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How to connect 16f877a?? HELP

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New Member
I have this chip but i dont know hoy to make work! please help me to [email protected]

I have 1 oscilator (4 mhz)
2x 33 condensators
470 resistance
1 led

i want to light a led connected in port b with the blink.bas example program

I have followed the 16f877 connections but my chip doesn't work, maybe i burned it, i can check it? or oscilator? how?

help me to start in pic programming world, thanks

sorry my english :D


New Member
:!: Something to think about and check:

  • What compiler do you have? PBP?
    What programmer do you have?
    Are you sure the programmer works?
    Are you giving 5V to the PIC?
    Do you have the MCLR pin pull high with a 4.7K Resistance?
    Is your ground connectin OK?
    With an osciloscope, can you see a perfect sine wave on the OSC2 pin?
    How do you have your PIC connected overall?
    What is your program like?


New Member
My first attempt with pics was to buy the "Pic Microcontroller Project Book" by John Iovine. It goes thru everything Ivancho is suggesting, step by step.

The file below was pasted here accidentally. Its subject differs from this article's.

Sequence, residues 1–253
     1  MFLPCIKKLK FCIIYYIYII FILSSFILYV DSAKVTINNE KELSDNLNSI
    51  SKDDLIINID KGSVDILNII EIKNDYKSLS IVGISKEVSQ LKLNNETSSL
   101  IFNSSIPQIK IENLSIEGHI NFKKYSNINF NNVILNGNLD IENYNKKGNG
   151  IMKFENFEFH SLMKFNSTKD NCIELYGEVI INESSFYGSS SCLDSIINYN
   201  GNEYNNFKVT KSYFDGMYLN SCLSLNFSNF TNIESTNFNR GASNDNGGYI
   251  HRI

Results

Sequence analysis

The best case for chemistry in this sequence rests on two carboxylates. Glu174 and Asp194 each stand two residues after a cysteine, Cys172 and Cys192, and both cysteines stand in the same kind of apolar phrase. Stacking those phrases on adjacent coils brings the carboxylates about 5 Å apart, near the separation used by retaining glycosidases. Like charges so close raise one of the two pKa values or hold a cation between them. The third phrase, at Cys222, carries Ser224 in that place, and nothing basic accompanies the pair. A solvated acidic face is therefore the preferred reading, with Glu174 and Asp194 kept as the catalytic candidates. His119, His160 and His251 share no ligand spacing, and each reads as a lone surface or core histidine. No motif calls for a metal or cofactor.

I think it's a great way to get started and keeps the frustration level low.


New Member
I have the PIC BASIC PRO Compiler, the oscilator, the 4.7K resistance and 2 condensators (33F), and 5v but i am beginning in pic world, i dont know how to connect the pins. Any have a diagram, or can especify the pin number = connection.

Ground is (-) ?, directly connected to 5v source?

the oscilator need 2 condensators to work?

the MCLR pin, really needs to be connected?

i can directly connect a led in the PORTB0 pin, and to (-) in the source or needs another component to blink with the classic BLINK.BAS example?

how to connect the oscilator to osciloscope to test?

how i can test if the condensator is ok? with a multitester?

please helpme :oops:


New Member
Is your PIC a 16F877-04?

:arrow: This diagram is of a 16F84 just match the pins names to the pins on your PIC. Make sure you get a data sheet on your pic.

PIC16F877 Data SHeet

Connect something like this:

And LED ALWAYS needs a resistance to limit the current if you are supplying a voltage greater than their forward voltage

And by the way some corrections: :oops:
Condensators -----> Capacitors

:!: Once you have it connected you have to program it.... what programmer are you using?

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